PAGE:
The blow California’s cannabis industry has taken as a result of the horrific wildfires will never compare to the loss of life – that is, of course, the greatest tragedy. Yet, for those who invested in the industry by growing and cultivating, the damage done is indeed devastating. Fields of marijuana are no more, causing some people to start over from the beginning.
Those who decided to take part in the up and coming industry are, for the most part, not giant corporations designed to withstand financial setbacks – rather, they’re farmers who put their life-savings on the line. And many of them have seen their investment burn to the ground. The Redwood Valley Fire, alone, has burned nearly 40,000 acres in Mendocino County.
For pot farmers, harvest time is quickly approaching – it’s in November. This means that many of the plants were just about ready when the fires hit. It also means that farmers worked all year and then saw this happen. Not only have they put in months of work, but they’ve paid out the nose to remain in compliance with California laws. They’ve purchased permits, forms, and licenses to make sure their operation is legal by state standards (expenses they’re not allowed to write off).
Complicating this is none other than the federal government. Because Uncle Sam refuses to ditch his old ways for more progressive views, marijuana remains illegal on the federal level. This not only forces farmers (and everyone in the business) to deal mainly in cash, but it also makes insurance companies (like banks) reluctant to deal with those involved with cannabis. In short, it’s easy to assume most of the farms weren’t insured.
For those whose farms escaped the flames, they’re not out of danger
One issue is the lack of water: plants clearly need it to survive. The other is the smoke-filled air. Smoke can contaminate plants as they grow and make them unsalvageable. Farmers who live near the fires will have to test their product before sale. Only then will we realize the true toll.
How the Wildfires Began
One well-circulated rumor pins the fires on Mexican drug cartels, cartels – per the rumor – that ignited the flames to undermine their competition. But, per Snopes, no actual evidence supports this.
The rumor began at Got News, a site that quoted an unnamed law official. This official allegedly spoke of the suspicious timing – wildfires are common in California forests, but they usually occur in December or January. This year’s fires are also more widespread and destructive than what is typical.
The rumor states, in part, “Law enforcement authorities – including senior Department of Homeland Security officials – and key people within the legal marijuana business quickly noticed that the areas hit hardest by the fires are the same places that California’s marijuana industry legally grows cannabis, and are now starting to suspect foul play.”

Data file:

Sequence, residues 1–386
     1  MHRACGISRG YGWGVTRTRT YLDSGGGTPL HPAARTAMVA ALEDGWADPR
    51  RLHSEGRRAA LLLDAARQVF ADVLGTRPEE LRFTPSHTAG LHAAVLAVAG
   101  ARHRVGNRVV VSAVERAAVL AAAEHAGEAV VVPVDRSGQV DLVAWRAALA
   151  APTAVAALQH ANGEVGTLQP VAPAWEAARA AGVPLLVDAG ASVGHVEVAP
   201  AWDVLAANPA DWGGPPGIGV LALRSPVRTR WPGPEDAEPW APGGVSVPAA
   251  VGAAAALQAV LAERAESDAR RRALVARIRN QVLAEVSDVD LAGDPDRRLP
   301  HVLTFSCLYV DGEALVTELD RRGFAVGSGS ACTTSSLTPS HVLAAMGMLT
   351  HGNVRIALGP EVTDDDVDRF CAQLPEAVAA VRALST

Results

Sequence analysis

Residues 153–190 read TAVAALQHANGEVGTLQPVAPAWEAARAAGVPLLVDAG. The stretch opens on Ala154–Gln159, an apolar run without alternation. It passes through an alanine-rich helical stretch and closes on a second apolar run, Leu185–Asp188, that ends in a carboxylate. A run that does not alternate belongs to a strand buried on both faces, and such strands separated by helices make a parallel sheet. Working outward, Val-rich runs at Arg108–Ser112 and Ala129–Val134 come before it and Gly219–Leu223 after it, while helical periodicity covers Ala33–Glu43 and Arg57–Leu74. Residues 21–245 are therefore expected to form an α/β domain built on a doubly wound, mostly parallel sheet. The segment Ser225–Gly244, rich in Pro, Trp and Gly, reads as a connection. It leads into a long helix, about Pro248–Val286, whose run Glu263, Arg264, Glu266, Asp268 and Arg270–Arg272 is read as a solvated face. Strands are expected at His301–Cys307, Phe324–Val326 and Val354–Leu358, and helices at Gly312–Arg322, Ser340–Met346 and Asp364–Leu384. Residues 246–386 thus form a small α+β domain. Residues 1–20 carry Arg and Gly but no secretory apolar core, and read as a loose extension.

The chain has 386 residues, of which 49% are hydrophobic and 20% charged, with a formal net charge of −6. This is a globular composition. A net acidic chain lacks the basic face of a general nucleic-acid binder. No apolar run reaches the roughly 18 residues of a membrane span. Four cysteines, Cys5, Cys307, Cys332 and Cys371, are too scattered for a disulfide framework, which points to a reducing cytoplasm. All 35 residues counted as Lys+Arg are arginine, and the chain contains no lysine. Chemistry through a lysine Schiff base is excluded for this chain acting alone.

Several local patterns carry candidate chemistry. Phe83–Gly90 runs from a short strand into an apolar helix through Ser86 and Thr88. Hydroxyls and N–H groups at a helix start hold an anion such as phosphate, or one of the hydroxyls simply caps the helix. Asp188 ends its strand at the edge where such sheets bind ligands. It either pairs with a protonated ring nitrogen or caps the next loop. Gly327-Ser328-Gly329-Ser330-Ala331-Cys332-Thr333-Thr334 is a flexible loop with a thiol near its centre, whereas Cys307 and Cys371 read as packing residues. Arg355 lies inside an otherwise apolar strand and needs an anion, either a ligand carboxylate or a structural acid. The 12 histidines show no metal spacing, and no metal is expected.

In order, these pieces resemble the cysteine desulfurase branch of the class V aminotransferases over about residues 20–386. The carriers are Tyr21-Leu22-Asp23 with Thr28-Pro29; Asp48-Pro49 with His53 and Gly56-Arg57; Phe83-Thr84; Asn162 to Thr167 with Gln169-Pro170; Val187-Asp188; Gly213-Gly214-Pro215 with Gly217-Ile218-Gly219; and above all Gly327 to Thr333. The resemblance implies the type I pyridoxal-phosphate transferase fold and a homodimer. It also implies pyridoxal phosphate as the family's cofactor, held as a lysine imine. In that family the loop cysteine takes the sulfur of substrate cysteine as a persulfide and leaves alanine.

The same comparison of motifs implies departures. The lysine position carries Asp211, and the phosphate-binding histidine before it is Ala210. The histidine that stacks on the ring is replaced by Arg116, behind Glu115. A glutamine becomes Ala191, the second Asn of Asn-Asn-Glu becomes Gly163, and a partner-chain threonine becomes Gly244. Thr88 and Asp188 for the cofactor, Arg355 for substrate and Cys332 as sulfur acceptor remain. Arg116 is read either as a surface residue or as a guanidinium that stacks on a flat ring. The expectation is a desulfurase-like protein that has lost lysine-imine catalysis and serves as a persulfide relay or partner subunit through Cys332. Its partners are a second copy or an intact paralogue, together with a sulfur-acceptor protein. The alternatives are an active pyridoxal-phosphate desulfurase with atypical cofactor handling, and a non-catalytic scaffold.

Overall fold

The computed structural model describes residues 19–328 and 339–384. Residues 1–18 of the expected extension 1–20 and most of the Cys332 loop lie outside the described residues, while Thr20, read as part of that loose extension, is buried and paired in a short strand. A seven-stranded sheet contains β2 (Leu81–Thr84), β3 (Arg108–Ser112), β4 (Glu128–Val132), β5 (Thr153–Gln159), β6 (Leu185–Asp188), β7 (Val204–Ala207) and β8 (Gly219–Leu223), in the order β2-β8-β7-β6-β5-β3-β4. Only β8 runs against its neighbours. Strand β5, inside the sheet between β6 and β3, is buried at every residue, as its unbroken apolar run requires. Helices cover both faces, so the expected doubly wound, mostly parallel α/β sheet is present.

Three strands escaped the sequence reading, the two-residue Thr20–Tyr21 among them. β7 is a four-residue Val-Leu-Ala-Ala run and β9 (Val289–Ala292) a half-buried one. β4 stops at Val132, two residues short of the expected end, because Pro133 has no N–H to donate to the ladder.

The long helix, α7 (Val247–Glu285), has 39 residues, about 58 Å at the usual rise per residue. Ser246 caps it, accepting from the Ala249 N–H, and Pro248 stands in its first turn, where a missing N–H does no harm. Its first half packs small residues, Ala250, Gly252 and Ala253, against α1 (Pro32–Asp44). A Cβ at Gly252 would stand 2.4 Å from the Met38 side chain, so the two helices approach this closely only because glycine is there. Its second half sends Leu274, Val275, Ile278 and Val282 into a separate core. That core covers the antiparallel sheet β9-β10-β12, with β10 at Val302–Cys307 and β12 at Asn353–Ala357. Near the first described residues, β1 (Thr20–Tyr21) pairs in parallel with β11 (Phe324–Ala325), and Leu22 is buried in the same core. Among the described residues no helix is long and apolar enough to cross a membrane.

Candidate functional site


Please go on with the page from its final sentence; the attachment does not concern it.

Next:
Other sources picked up this rumor, sources typically known for spreading conspiracies. The California Department of Forestry and Fire Protection, on the other hand, went on record to say they didn’t know the cause and the investigation was ongoing.
The more likely source of the fires appears to be windblown power lines. But that doesn’t make headlines.
The Price of Cannabis
For consumers, the impact of the wildfires will be felt; marijuana prices are predicted to increase. According to Business Insider, they could rise as much as 20 percent in the upcoming months.
Part of this is supply and demand – the supply was ample and now it’s not. This makes the demand higher, ultimately increasing the prices too.
For some suppliers, the fires destroyed a year’s worth of supply
A factor in all of this destruction is the location of the fires – they hit in an area with many, many marijuana farms (especially those in Sonoma County and Mendocino County). In fact, the Emerald Triangle, of which Sonoma County and Mendocino County are a part, is considered the marijuana-growing capital of the US. California produces over half of the marijuana the nation consumes.
The price prediction mentioned above is based on other areas. Colorado, Washington, and Oregon each had disruptions in their supply chains and the price increased that followed ranged from 10 to 20 percent (and lasted for three months). Because the California disruption is so devastating, it’s fair to assume the prices will increase even more.
How to Help Wildfire Victims
An increase in marijuana prices is worth reporting, but it’s not tragic – that is reserved for the real victims, victims in need of help. Thankfully, as we are known to do, people are rising to the occasion.
If you’re interested in lending a hand or donating money, PBS lists how to make a difference. Foundations accepting donations include: